This site is an example of the technologies that I use to build virtual things. It is built and depends almost entirely on free and open source software (starting from the top and working down):
- This website is built on the Drupal 7 CMS platform, using a theme/look and feel I constructed using Twitter's Bootstrap framework.
- Drupal, in turn, depends on the PHP script interpreter to do all the work, coordinated by the Nginx webserver.
- The PHP interpreter and Nginx webserver run in Docker containers, and reverse proxying is provided by another Nginx instance running on the underlying host virtual machine.
- Data is stored on the host in a MariaDB (an improved drop-in replacement for MySQL) database.
- Behind the scenes there's also a Postfix mail server (which sends emails from the site) to communicate with mail server I run, using Mailcow.
- The whole domain (and quite a few others) run on a virtual server (based in Singapore, which I think is more trustworthy than the US) running Ubuntu Linux.
- The domain uses secure certificates (providing the "https" end-to-end encryption between your browser and this site, protecting your security) via the essential Let's Encrypt service which, in turn, depends on the ubiquitous OpenSSL on both the server and in your browser.
Actually, this site depends on many supporting actors: libraries like CKEditor rich text area widget (for the Drupal CMS' content editor) and web services like Matomo (previously Piwik). I'm sure I'm forgetting plenty of others.
The development process I employ allows me to work primarily on my laptop (running Linux Mint) and push updates to the website server. My workflow depends the following crucial tools:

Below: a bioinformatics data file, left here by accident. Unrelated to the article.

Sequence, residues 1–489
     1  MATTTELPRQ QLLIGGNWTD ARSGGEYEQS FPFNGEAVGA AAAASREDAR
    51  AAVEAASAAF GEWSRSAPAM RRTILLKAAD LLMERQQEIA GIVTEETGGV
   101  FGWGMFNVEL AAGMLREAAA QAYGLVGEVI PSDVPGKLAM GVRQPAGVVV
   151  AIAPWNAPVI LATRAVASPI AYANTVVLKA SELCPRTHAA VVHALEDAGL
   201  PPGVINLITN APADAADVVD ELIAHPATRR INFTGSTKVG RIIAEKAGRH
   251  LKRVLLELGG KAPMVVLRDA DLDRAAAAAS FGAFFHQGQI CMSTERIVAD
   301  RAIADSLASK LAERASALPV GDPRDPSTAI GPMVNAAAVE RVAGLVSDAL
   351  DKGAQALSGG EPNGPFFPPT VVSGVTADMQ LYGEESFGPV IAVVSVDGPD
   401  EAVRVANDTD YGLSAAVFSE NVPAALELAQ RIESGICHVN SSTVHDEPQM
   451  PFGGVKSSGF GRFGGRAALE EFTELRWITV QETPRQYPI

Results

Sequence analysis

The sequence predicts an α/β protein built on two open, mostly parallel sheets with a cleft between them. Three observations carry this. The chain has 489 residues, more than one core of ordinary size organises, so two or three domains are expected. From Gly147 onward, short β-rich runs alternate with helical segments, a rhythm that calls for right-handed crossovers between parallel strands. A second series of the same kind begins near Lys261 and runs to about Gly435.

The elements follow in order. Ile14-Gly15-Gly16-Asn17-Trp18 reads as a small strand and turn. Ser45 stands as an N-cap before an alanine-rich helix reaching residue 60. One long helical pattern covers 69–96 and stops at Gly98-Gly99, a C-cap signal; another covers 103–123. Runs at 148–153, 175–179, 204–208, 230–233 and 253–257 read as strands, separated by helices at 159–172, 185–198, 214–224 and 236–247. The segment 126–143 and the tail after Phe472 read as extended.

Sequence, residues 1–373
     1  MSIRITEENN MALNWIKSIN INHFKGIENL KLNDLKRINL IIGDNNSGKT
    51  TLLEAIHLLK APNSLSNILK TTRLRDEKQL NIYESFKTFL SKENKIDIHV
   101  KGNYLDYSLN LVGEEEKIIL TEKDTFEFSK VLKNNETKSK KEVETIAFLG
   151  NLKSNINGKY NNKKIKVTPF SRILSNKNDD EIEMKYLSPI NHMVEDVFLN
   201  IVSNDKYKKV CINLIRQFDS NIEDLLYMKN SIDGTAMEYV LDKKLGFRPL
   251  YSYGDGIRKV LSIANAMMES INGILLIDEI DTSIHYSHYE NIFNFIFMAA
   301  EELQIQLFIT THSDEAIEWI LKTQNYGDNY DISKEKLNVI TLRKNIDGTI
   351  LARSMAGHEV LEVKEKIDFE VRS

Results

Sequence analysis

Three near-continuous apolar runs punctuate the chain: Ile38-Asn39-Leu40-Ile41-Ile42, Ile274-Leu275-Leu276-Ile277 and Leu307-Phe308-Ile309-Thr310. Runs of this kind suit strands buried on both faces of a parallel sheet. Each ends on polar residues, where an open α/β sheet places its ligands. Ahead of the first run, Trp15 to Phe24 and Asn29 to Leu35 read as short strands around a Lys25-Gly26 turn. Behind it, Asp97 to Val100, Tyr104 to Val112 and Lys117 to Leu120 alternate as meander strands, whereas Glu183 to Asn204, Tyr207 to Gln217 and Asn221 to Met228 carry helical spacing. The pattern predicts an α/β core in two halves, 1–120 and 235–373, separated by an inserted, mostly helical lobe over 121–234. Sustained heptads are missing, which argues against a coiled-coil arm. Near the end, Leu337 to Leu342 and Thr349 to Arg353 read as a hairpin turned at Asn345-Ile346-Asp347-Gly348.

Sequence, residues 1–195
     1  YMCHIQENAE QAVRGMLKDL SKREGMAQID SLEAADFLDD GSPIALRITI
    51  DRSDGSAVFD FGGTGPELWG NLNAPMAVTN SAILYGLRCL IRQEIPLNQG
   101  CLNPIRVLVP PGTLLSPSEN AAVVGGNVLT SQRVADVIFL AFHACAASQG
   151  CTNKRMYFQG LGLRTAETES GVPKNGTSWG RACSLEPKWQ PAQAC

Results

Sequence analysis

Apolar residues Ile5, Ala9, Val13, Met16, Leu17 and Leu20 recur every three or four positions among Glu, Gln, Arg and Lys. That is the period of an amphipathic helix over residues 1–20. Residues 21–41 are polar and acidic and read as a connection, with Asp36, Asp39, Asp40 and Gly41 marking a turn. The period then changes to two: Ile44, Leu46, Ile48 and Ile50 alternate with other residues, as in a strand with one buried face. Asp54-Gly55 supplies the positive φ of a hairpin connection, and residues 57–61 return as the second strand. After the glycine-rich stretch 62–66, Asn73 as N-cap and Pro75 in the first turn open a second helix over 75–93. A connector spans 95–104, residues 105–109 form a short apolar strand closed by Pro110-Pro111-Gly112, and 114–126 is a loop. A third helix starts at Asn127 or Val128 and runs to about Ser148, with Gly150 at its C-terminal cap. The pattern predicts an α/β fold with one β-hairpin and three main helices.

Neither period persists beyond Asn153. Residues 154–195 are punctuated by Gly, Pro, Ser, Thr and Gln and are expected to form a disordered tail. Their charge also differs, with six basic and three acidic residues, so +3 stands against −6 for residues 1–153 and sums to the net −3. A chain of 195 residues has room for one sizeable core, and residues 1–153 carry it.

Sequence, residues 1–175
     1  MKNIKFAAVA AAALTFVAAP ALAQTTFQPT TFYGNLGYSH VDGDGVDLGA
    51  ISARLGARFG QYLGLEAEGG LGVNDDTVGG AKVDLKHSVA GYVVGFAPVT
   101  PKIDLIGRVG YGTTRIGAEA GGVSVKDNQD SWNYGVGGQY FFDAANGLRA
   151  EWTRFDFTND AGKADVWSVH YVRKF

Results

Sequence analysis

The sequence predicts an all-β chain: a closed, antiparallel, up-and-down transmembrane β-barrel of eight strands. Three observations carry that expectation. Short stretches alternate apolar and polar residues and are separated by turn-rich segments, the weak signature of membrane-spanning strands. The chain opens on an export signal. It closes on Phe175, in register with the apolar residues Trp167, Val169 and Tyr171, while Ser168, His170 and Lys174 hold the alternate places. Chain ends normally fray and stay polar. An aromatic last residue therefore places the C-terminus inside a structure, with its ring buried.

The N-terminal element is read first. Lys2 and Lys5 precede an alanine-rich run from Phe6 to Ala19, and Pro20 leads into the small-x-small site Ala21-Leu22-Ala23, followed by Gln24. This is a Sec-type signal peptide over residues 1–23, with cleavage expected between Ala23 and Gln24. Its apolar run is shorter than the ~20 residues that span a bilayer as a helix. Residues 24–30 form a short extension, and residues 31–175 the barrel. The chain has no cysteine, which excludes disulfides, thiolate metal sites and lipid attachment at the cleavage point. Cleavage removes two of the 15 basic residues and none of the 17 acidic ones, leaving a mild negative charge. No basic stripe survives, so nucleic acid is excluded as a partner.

- All the files making up the site are stored in the miraculous git version control system which allows me to transfer the files with bulletproof (but not necessarily idiot proof) reliability across the interwebs.
- I use Docker containers (I used to use Vagrant until I worked out Docker) to create a fully virtualised Ubuntu Linux environment on my laptop which runs the full stack necessary to develop the Drupal site, which is stored in a git-managed directory tree on my laptop. I use Docker Compose extensively to keep everything Dockerish as organised and sane as possible - this is how I use it.
- I use the composer PHP package manager to install and manage drush, which, in turn, I use constantly to do all kinds of useful Drupaly command line things.
- I use compass Ruby package manager to install various Ruby gems which let me compile Sass - essentially souped-up Cascading Style Sheets with much more useful syntax that behaves like a programming language.
- I use ssh to connect to my remote server and to my local Docker-based virtual servers.
- I use the Atom integrated development environment and Vim text editor to change files locally and on remote machines respectively.
- For manipulating images I use The GIMP and for creating vector graphics I use Inkscape.
- I back up my servers (fully encrypted & incremental) to remote storage (also on different servers) with restic. On my local development machine, I use backintime.
For sanity while I work, I use tools like RhythmBox to listen to music or VLC to stream online radio, or I often listen to RadioNZ programmes, always selecting the open source Ogg Vorbis formatted version. I use lots and lots of other open source software, but not for this site...
My personal code is all made available under Free and Open Source Software licenses. I always select a Copyleft license by preference, but where I'm making derivative works, I tend to respect the "upstream" license of the project I'm modifying. It's all available on one or the other of the two Gitlab (Community Edition) instances: one I run for the OERu (my day job - I also have a few personal repos) and the other for the NZOSS. I no longer host any code on Github since its acquisition by the Microsoft Corporation.
As any web developer knows, no website is ever "finished"... This site is no exception. Next steps include incorporating some images :) - it'd be fair to say the site's currently quite text-heavy. Luckily, I have a large collection of (I hope!) evocative images which I will work in over the coming days/weeks.